In the first place, a short sketch of the salient features of the events which led up to the Union controversy will make the situation intelligible. During the first three quarters of the eighteenth century, Ireland lay under the weight of the severest penal laws against Catholics, and the heaviest commercial restrictions on her industry. When we look back upon those laws, they appear altogether iniquitous. The marvel seems to be that Ireland remained as tranquil and peaceable under them as she did. But Ireland was not singular in regard to either of them. In England and Scotland there existed penal laws against Catholics even more savage than those of Ireland. It is true they were not enforced; but the furious Edinburgh and Glasgow riots of January 1779, and the more celebrated Gordon riots of 1780, caused by attempts to slightly relax them, showed how fully they had the sanction of the more ignorant public opinion. Again, the whole theory of the British Empire was, that the commercial interests of every part were to yield to those of Great Britain. Irishmen are apt to talk as if the prohibitions on wool and the other commercial restrictions on Irish trade were imposed out of some special hatred of Ireland; but Ireland was merely put in the same position as any of the Colonies or Dependencies. Scotland did not obtain commercial freedom till the Union; Ireland at the same price obtained similar freedom. Nowadays, such restrictions are seen to do harm to the subject country quite incommensurate with the advantage to the superior country; but a hundred and fifty years ago it was a new idea to the Dependencies themselves that any other relationship was possible, and nothing was more hopeless-as Burke experienced at Bristol-than to persuade a commercial audience that the freedom of Ireland could fail to be the ruin of England.

But the revolt of the American Colonies against commercial restrictions of a similar nature roused Ireland from sleep. The Irish felt at once that the

cause of the Continentals was their own. The Presbyterians of the north, in particular, sympathized most strongly with them. Irish emigrants fought in their armies; and when the Continentals received hitherto unheard-of commercial freedom, the Irish began to urge very strongly their case for similar remissions. In 1777 came that great British disaster, the surrender of Burgoyne at Saratoga, and in the next year followed the first considerable relaxation of the commercial restrictions and of the penal laws in Ireland. In the same year began the great Volunteer movement, the first symptom and expression of independent vigor in the country. The city of Belfast was threatened with a visit from three or four privateers. British arms were so reduced, that the only defence which the Lord Lieutenant found himself able to offer consisted of a troop or two of horse, or part of a company of invalids." Under these circumstances the inhabitants took up arms to defend themselves, and from this beginning sprang a great national movement, giving Ireland a unity and a conscious force which carried her far in the path of national life. Few bodies have been the subject of more extravagant laudation of few is it harder to form a just opinion. Perhaps the fairest testimony on the subject is that of Lord Clare, who, at any rate, had no undue bias in their favor. In his great speech in support of the Union, he says:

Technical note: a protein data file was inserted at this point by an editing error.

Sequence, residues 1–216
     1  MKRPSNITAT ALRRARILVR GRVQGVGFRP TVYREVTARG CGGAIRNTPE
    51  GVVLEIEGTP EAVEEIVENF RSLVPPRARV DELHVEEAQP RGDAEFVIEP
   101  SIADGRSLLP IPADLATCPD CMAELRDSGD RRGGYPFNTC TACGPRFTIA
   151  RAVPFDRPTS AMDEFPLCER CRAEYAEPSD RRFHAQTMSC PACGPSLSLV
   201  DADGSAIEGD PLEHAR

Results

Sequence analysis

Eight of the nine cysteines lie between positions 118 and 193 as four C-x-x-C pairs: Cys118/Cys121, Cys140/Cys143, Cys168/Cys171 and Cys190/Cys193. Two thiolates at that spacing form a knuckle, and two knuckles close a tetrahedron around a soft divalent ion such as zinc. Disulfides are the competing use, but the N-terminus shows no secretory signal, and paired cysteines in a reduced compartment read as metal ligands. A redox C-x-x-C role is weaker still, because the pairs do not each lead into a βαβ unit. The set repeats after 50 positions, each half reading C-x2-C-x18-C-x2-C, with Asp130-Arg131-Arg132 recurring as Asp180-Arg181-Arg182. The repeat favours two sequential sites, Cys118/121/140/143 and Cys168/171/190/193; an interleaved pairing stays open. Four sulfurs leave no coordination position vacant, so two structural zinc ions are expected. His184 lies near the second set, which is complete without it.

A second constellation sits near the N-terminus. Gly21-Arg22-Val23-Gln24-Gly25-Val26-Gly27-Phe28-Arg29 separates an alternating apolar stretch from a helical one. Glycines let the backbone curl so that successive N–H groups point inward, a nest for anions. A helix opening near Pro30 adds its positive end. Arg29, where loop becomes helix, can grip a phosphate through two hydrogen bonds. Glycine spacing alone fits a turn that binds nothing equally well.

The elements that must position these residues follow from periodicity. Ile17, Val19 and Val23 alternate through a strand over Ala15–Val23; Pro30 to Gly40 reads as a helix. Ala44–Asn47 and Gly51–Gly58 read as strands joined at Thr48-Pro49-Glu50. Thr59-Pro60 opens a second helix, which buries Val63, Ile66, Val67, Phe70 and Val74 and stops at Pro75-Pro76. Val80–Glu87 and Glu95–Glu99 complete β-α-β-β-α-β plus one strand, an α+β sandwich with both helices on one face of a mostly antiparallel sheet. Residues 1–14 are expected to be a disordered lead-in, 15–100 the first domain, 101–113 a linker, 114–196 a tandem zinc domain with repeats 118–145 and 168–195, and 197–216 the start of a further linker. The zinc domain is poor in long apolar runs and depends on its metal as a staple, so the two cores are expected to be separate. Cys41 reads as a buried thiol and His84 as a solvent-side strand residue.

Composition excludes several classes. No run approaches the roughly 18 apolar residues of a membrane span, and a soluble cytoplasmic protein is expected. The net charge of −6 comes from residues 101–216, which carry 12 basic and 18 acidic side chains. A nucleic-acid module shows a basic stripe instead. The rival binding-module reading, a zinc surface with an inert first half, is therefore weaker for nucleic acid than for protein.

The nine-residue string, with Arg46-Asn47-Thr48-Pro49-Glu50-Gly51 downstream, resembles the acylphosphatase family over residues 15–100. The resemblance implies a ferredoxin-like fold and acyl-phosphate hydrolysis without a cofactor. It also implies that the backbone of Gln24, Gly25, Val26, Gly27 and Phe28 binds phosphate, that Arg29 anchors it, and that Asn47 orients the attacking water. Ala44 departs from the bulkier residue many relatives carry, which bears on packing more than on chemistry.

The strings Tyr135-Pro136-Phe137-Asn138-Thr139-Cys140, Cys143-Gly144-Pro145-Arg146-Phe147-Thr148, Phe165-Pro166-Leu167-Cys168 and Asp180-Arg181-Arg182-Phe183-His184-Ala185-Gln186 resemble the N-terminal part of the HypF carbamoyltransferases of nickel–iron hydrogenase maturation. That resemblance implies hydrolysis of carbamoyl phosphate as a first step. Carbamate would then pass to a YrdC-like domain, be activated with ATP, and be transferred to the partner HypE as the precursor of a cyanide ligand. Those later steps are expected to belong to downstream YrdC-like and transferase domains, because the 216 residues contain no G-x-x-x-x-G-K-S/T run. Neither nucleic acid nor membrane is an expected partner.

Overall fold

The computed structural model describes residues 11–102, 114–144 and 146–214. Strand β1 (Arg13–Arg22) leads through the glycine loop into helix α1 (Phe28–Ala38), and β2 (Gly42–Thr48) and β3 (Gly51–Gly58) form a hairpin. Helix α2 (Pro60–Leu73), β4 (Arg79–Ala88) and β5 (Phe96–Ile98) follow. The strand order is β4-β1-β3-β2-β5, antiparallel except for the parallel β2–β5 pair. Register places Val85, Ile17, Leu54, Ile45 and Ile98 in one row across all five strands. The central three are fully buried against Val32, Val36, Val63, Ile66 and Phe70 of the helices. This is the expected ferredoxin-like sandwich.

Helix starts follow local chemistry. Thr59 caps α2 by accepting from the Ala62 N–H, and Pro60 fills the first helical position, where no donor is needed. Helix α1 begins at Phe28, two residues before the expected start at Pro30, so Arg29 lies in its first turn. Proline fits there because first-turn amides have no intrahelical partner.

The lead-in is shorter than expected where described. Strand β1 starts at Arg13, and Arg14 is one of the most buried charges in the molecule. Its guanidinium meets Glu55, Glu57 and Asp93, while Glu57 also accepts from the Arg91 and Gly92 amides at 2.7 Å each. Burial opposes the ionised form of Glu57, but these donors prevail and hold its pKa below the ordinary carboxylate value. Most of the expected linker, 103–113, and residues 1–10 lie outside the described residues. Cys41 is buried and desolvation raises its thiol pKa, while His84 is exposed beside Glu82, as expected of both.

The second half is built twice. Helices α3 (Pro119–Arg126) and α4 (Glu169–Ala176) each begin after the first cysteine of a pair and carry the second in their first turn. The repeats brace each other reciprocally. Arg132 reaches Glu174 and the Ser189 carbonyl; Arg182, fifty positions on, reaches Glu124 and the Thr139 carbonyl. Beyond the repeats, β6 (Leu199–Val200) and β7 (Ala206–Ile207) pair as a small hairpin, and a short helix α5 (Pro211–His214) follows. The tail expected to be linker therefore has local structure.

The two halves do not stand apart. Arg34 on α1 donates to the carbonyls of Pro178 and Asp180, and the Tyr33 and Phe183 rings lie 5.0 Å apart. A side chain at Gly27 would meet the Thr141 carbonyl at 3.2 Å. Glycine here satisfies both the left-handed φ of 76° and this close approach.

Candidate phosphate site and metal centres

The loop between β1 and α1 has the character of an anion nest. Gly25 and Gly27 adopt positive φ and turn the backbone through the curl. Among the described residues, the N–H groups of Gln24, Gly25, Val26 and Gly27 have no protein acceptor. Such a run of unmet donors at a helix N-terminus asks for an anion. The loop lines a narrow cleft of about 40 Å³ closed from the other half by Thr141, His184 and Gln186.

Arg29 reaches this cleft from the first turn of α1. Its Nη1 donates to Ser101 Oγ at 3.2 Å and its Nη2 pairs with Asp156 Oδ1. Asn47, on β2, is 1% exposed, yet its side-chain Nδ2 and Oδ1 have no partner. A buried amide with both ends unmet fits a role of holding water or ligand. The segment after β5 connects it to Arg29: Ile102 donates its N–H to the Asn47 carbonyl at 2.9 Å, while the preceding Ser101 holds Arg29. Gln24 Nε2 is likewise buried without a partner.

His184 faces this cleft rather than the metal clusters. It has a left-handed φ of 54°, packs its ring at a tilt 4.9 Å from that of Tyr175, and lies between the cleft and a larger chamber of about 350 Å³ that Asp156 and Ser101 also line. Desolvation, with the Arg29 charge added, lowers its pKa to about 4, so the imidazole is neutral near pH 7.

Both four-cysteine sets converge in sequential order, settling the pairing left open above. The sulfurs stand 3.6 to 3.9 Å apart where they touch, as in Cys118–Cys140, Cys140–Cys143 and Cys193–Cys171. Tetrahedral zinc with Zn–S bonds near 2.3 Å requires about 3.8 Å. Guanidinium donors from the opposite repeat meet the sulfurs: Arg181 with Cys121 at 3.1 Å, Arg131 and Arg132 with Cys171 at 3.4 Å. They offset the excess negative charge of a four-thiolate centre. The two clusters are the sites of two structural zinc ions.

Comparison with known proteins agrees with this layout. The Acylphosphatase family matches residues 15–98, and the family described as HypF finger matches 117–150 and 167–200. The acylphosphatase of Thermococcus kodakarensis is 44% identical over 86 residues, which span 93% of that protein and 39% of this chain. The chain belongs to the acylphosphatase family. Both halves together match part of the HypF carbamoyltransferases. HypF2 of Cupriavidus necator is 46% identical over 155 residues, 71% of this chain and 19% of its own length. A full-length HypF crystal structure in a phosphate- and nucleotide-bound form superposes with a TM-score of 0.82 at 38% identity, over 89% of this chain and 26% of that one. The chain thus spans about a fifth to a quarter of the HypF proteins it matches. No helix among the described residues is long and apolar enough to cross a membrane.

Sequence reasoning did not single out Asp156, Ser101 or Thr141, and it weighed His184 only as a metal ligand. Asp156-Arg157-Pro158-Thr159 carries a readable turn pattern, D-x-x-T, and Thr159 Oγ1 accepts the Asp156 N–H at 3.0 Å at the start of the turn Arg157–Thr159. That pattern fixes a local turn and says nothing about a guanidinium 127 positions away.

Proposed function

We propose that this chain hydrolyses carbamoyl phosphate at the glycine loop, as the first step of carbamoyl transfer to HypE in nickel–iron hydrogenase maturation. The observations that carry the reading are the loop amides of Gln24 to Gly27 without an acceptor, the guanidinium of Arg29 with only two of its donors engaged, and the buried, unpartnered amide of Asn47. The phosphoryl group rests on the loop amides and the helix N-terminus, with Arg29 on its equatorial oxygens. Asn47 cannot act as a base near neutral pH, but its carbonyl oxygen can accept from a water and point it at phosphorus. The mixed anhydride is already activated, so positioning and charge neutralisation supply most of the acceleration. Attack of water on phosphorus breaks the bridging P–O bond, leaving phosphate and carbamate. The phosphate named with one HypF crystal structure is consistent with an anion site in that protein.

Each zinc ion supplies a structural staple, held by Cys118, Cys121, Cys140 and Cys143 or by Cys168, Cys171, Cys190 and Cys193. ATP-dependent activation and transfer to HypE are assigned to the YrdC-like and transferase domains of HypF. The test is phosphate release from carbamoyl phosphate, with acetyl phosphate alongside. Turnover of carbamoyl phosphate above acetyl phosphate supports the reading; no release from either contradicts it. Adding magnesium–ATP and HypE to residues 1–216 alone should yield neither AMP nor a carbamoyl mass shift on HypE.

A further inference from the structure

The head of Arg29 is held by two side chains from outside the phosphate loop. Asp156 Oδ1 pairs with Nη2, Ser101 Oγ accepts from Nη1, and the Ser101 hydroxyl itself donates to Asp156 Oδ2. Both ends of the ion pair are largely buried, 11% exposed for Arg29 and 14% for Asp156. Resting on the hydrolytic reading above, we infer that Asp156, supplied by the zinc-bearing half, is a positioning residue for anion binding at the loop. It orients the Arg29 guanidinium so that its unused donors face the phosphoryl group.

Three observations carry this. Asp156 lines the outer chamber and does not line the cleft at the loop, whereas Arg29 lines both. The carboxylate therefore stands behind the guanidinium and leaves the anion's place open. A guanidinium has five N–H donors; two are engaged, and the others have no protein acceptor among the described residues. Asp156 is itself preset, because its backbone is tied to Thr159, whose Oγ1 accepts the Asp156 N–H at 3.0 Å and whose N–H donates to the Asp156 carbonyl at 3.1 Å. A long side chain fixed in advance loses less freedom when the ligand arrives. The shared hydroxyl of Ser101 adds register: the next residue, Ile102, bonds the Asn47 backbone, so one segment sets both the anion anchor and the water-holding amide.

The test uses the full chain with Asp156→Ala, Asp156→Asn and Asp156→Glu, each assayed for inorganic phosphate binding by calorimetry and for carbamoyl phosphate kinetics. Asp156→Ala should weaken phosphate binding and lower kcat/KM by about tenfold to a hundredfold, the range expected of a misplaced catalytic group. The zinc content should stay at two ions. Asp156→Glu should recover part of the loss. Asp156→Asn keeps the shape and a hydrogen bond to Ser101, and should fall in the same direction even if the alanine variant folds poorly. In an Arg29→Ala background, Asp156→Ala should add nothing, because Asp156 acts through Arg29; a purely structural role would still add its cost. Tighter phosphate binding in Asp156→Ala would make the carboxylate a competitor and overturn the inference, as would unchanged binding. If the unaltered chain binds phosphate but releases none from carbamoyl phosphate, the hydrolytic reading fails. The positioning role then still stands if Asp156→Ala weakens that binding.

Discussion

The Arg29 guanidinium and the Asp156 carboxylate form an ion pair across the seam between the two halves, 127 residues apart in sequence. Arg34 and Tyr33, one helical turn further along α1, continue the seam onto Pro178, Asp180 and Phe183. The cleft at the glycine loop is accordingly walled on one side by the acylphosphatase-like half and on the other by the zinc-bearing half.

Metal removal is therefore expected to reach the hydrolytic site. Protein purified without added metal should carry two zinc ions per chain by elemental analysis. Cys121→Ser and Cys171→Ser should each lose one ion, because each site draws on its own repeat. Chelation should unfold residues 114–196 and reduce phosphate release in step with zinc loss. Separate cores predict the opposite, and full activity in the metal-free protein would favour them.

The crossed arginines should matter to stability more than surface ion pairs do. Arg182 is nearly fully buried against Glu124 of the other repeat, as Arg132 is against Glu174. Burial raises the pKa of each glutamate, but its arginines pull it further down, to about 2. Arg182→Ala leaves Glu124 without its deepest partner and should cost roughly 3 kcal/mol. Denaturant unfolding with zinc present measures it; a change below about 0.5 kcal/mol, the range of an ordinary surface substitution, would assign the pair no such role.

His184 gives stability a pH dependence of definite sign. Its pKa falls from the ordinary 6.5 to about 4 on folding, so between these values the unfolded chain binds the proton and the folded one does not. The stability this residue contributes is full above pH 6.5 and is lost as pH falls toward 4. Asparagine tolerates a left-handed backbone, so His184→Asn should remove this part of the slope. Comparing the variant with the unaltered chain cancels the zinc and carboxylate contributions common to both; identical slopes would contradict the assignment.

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"On the old Irish volunteers I desire to be understood not to convey anything like a cen



Their conduct will remain a problem in history; for without the shadow of military control, to their immortal honor it is known, that from their first levy till they disbanded themselves, no act of violence or outrage was charged against them; and they certainly didon every occasion where their services were required exert themselves with effect to maintain the internal peace of the country. gentlemen of Ireland were all in their ranks, and maintained a decided influence upon them. But I shall never cease to think that the appeals made to that army by the angry politicians of that day were dangerous and ill-judged in the extreme; and that they established the precedent for rebellion, which has since been followed up with full success."

* Speech of Lord Clare in the Irish House of Lords, 10th Feb. 1800, p. 21-republished by the Irish Loyal and Patriotic Union.

In 1779 this force had grown to very large dimensions, and was variously estimated at from 40,000 to 100,000 strong. They were a vehemently loyal and wholly Protestant body. They devoted their full strength to political agitation. Their aims were free trade in the first place, and constitutional liberty in the second. Their demands for free trade were couched in no measured terms. At the celebration in Dublin of the birthday of William III., among the most prominent features in the demonstration were two cannon with the inscription, Free Trade or this." In the winter of 1779-80 this imperious and just demand was conceded, and complete free trade was granted by Lord North. In the autumn of 1781 came the final blow of the American war, in the surrender of Lord Cornwallis, the only efficient British general, with his army at York Town. This was followed up by the volunteers of the Dungannon Convention of February 1782, formed by delegates from all the Ulster corps, and representing a force of 25,ooo armed men. After grave and decorous debate, this assembly declared that The claim of any body of men, other than the King, Lords, and Commons of Ireland, to make laws to bind this country, is unconstitutional, illegal, and a grievance." After a series of resolutions upon all the burning questions of the day, they concluded, Protestant as they were, by affirming